Bats: Left Throws: Left Swims: Left Fishes: Left High-Fives: Left Uses Toothpicks: Left
Height: 6' 4", Weight: 210 lb.
Anthony Michael Cingrani was born on July 5th, 1989 in Evergreen, Illinois, which is a different place entirely from Evergreen, Colorado. Now that you know he was born 'Anthony Michael,' I employ you to call him 'Hall' from this point forward.
He and his family grew up as fans of the Chicago White Sox. Extensive research into their DNA thanks to Ancestry.com has traced the origin of their fandom directly back to Jack McDowell's sweet 1990's goatee.
Is spunky, and likes his oatmeal lumpy.
Is a prime proponent and benefactor of the High Baseball Socks of America foundation, which may or may not actually be true.
Drafted by the Cincinnati Reds in the 3rd round of the 2011 amateur draft
Debut: September 9, 2012 (Age 23.066, 17,920th in MLB history) vs. HOU (3.0 IP, 1 H, 5 K, 0 BB, 1 ER)
Rookie Status: Exceeded rookie limits during 2013 season
2017 Contract Status: Signed through 2017, 1 yr/$1.83M (17)
Service Time (01/2017): 3.088, Arb Eligible: 2018, Free Agent: 2020
According to BrooksBaseball.net, Cingrani has thrown 4,843 pitches in his MLB career - 3,933 of them have been four-seam fastballs.
As you can see, his overall average velocities have trended up as he's moved to being a reliever exclusively. He's also completely quit throwing his cutter and curveball, and at some point during the 2016 season began throwing his slider much, much harder than he had at any other point in his career. It's worth noting that the 94.2 mph average velocity on his four-seamer he saw in 2016 was a full 2.4 mph faster than it was in 2015, and a full 2.2 mph faster than in any other big league season in his career.
It's interesting to note that the uptick in his slider's velocity didn't exactly make it more of a swing and miss pitch; in fact, the whiff percentage on that pitch declined significantly as its average velocity spiked. I wonder how hard he'll be throwing it this upcoming season.
That's a heavier load of pitches thrown to the 3B side of the field, which would be both down and in to RH hitters. His second most heavy zone is that 5.40% right down the gut, however, which may explain why he's struggled at times over the most recent seasons.
There's a decent bit of difference between these two projection systems. On a positive note, both seem his K/9 moving back towards the 10.0 per 9 inning mark it was prior to the 7.0 per 9 innings it was in 2016.
It seems like eons ago when Tony Cingrani led the National League - and was 2nd in all of baseball to only Yu Darvish - in K/9 among all pitchers who threw at least 100 innings during the 2013 season. That year, of course, was the one that saw Cingrani claim a regular spot in the Reds' rotation, post a 130 ERA+, stay relatively healthy, and flash the promise that had many of us hoping he'd be a cog on the mound for years to come. Of course, shoulder injuries, an increasing inability to find the strike zone, and a move to the bullpen later, and now Cingrani has reached his arbitration years with us still wondering what he can bring to the table.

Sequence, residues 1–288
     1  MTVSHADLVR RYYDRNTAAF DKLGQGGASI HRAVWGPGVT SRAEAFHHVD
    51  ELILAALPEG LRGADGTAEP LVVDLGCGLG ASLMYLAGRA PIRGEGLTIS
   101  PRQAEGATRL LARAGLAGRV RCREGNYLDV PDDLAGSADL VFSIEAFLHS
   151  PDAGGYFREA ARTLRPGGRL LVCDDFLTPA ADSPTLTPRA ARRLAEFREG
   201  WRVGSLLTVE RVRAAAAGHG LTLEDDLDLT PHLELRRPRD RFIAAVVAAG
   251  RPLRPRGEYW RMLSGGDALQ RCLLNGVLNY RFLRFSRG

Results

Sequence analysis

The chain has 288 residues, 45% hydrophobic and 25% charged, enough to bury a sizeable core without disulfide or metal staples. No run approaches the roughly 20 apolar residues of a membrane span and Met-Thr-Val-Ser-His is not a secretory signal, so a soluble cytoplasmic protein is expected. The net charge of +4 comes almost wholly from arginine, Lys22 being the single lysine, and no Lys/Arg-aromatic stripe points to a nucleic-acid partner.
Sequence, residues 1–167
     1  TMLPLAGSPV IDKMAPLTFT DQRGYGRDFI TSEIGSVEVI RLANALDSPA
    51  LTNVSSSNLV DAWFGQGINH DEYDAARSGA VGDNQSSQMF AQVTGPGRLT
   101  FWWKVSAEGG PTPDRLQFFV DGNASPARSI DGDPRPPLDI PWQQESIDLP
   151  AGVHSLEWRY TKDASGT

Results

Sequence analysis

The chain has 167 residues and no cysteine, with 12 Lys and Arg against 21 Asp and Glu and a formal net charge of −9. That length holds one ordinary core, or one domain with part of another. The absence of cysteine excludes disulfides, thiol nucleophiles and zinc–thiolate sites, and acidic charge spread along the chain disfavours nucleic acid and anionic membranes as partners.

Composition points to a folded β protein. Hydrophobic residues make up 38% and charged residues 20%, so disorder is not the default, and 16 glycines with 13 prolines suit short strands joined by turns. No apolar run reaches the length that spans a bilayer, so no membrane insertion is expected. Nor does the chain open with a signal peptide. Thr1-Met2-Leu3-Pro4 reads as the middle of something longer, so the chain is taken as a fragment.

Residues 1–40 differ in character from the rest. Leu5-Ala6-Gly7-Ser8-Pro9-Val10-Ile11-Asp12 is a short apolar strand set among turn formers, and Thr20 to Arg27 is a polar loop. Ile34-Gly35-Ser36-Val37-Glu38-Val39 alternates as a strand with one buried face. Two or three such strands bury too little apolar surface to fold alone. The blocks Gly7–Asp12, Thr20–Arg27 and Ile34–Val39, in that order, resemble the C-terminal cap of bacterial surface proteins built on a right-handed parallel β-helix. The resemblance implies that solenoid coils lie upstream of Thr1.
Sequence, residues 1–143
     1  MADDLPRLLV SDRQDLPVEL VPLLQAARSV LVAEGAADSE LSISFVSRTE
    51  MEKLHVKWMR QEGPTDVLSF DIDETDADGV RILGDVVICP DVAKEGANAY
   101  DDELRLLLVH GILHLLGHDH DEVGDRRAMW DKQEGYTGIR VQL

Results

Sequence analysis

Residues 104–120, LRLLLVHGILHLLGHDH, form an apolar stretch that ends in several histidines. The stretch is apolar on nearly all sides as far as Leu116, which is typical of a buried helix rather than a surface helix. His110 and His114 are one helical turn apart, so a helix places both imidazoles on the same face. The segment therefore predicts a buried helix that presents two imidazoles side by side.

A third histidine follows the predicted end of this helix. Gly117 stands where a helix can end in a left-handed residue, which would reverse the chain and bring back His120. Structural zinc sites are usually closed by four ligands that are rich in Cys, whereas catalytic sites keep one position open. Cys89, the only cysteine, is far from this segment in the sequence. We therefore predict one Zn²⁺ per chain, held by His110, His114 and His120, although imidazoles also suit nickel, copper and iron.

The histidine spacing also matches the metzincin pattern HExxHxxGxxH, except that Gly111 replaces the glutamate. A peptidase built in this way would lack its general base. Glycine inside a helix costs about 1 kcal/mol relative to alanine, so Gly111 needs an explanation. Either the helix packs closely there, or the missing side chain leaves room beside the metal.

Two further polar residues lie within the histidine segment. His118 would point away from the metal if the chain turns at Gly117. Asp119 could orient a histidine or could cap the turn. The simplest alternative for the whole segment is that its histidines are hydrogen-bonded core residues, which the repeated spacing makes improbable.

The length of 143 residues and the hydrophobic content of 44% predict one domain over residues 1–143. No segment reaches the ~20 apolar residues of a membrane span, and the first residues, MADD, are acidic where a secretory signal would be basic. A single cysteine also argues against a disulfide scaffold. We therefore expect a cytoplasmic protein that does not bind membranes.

Over his last three years, he's gone 4-16 with a 4.85 FIP, 1.53 WHIP, 4.62 ERA, and 5.5 BB/9 in 159.2 IP, at times being asked to be the team's closer, at times being shipped back to Louisville. Yet somehow he's still found a way to have his name in pen on the projected Opening Day roster, despite none of those numbers and most of that tale suggesting there may be better options out there somewhere.
Of all the players who look like locks to be on the active roster for this year, I'm not sure there's anyone else whose expected production is more up in the air than Cingrani. As he's seemingly abandoned expanding his pitch repertoire in favor of again leaning heavily on just his four-seam fastball, how he'll be able to effectively navigate through big league lineups will depend on his deceptive delivery, one that admittedly induces plenty of swings and misses. However, the only way that'll be effective is if he throws balls over the plate more often than he has in the past, since hitters have become accustomed to the idea of him walking them if they're patient enough.
With Drew Storen on board and both Michael Lorenzen and Raisel Iglesias entrenched in high-leverage roles, Cingrani may not get the 8th and 9th inning work he did last year, but as the team's lone projected lefty in the bullpen he should still be leaned on rather heavily. Of course, he hasn't exactly owned lefties the way you'd hope from a typical lefty in the bullpen, which makes his role that much murkier.
2017 will be a season of great importance for Cingrani, since it'll be the platform for his 2nd arbitration year - the year when players finally begin to get expensive enough to be expendable. He'll make a shade under $2 million this year, which is still cheap enough to hope he can turn things around from his previous three years of replacement level production, but if his numbers don't improve, it'll be hard to imagine the Reds being willing to shell out $3.5 to $4 million for him again in 2018. No pressure, or anything.